11 Recipes All Teens Need to Master Before Graduating High School

People of all ages fear cooking fish, but it’s one of the easiest (and healthiest) meals to whip up. (Getty Images)

So you’re a bright young adult – maybe you’re even enrolled in or hold a degree from a top-tier college. You’re articulate, ambitious and hard-working. But you’re missing one key skill: How to feed yourself. It’s OK – I see a lot of smart young folks like you in my clinical nutrition practice. So I’m going to share with you what I share with them: My advice for learning to cook a few simple, healthy meals.

First, make sure you know how to turn on a gas burner and use an oven (hint: Ask your parents!). If you’re afraid to turn on the stove, your food prep options will be limited. Then, make sure you have some basic kitchen equipment including a medium-sized pot with a tight-fitting lid, a large nonstick frying pan, a baking tray that fits into whatever oven you’ll have access to, a can opener, a decent chef’s knife, a few plastic cutting boards, a potholder, a strainer, a set of measuring cups and spoons, a spatula and a wooden spoon. Finally, practice these 11 recipes:

1. Hard-Boiled Eggs

Learning to make both hard-boiled eggs and a basic omelet ensures you will always have a cheap, nutritious option for breakfast, lunch or dinner. To make hard-boiled eggs, place eggs in a pot and cover them with at least an inch of water. Bring the water to a boil and let it boil for one minute. Shut off the heat, cover the pot and let the eggs sit for 10 minutes. Remove the pot from the hot water after 10 minutes and let the eggs cool before trying to peel them.

2. An Omelet

Watch chef Jamie Oliver make the perfect omelet on YouTube; he demonstrates a completely unfussy, fool-proof technique for making a basic cheese omelet. As you master the basics, try tossing some chopped fresh spinach leaves into the center before folding for added nutrition.

3. Black or Pinto Beans

Heat a tablespoon of oil in a nonstick frying pan. As it’s heating, drain and rinse a can of beans. Pour them into the pan. Sprinkle on 1/2 teaspoon of kosher salt, 1/2 teaspoon of cumin and a 1/4 teaspoon of garlic powder. Stir with a wooden spoon to blend and cook until the beans are warmed through. Taste for seasoning and add more of any of the spices to taste before serving. You can also doctor them up more for a nutritious meal on the cheap – just pair the beans with rice, and you’ve got lunch. Or, top them with an egg or shredded cheese for extra protein for a dinner meal, or fill a whole-wheat wrap with them alongside some avocado, lettuce and cheese, and you’ve got a breakfast or lunch burrito to go.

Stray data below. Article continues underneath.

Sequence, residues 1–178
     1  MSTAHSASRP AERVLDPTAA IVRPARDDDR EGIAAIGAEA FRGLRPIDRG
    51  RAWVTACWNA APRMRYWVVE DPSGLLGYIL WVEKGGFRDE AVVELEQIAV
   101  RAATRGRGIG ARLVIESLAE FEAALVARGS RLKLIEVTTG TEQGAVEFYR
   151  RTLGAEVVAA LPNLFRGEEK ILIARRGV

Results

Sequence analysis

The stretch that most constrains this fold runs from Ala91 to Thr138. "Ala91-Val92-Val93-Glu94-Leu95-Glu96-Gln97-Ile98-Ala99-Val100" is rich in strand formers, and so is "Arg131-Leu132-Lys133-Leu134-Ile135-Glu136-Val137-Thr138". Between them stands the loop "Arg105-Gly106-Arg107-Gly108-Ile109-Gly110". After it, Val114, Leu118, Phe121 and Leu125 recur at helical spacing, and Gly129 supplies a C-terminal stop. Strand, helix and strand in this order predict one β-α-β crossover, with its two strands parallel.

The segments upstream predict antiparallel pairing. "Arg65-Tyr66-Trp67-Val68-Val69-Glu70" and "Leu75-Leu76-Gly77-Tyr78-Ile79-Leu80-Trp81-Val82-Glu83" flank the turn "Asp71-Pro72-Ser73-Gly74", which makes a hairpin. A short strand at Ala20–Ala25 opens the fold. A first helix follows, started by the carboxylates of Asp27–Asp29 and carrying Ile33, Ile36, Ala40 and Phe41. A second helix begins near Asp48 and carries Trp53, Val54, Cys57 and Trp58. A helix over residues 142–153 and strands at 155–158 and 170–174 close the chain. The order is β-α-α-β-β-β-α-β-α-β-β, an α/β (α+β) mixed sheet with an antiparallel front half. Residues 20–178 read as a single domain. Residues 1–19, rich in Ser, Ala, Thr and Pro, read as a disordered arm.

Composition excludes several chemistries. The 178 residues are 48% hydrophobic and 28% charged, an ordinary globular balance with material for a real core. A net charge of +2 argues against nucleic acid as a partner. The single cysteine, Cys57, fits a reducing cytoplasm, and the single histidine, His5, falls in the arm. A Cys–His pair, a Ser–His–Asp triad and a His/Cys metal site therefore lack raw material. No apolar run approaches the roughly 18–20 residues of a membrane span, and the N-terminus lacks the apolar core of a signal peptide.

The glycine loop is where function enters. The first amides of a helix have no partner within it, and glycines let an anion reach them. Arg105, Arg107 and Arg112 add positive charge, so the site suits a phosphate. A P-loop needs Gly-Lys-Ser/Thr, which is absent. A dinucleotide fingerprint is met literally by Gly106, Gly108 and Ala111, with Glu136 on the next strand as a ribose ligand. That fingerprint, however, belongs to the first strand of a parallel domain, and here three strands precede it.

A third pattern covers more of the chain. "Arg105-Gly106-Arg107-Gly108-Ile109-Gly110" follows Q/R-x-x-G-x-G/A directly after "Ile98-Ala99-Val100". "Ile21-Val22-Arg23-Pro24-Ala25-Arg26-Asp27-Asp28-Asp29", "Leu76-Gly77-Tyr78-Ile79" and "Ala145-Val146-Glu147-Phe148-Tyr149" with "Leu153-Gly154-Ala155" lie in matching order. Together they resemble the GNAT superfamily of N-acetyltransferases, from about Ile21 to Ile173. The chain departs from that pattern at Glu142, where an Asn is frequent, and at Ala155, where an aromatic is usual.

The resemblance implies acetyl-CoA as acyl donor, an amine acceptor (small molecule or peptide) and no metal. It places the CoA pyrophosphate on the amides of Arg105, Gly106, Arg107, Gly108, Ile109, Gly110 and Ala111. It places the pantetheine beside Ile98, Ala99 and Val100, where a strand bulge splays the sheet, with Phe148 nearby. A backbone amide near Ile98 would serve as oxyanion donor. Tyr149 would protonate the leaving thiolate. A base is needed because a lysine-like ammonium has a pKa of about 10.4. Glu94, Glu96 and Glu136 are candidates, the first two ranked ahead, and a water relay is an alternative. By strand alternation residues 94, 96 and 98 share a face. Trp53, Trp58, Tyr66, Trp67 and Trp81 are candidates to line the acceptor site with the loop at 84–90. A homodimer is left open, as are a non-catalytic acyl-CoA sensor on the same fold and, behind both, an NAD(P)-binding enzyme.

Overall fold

4. Chickpeas.

Chop up a medium onion and two cloves of garlic. Toss the chopped onion into a pan with hot oil, stirring it around with a wooden spoon for a few minutes until pieces start to soften and turn translucent. Add in the garlic and stir for another 20 seconds or so. Add 2 teaspoons of garam masala spice blend, 1/4 teaspoon of powdered ginger and a sprinkle of salt. Then stir until all the onions and garlic are coated. Add a can of drained chickpeas and a 15-ounce can of diced tomatoes (including their juices). Simmer the mixture until it thickens and becomes stew-like, add additional salt and seasonings for taste as needed and serve with rice, riced cauliflower or both. If you are feeling fancy, garnish with any of the following: chopped fresh cilantro leaves, hot sauce or plain Greek yogurt.

5. Rice

Sure, frozen pre-cooked rice is now sold in supermarkets. But there’s nothing simpler – and cheaper – than cooking it from scratch. Simply follow the package instructions to know exactly how much water to put in the pot and how long to cook it – it may be anywhere from 10 to 45 minutes, depending on the kind of rice. Combine the recommended amount of water with the rice in a pot, add a sprinkle of salt and turn on the heat. Bring to a boil, lower the heat to a simmer and cover the pot. It’s done when all the liquid is visibly absorbed.

6. Quinoa

If you can cook rice, you can cook quinoa. Rinse quinoa grains under running water for a minute; it will reduce the likelihood of a bitter flavor. Then measure 2 cups of water for every 1 cup of quinoa. Combine the grain and water in a pot, add a sprinkle of salt and turn on the heat. Bring to a boil, lower the heat to a simmer and cover the pot. It should cook in about 10 to 15 minutes; it’s done when all the liquid is visibly absorbed.

7. Microwaved Sweet Potato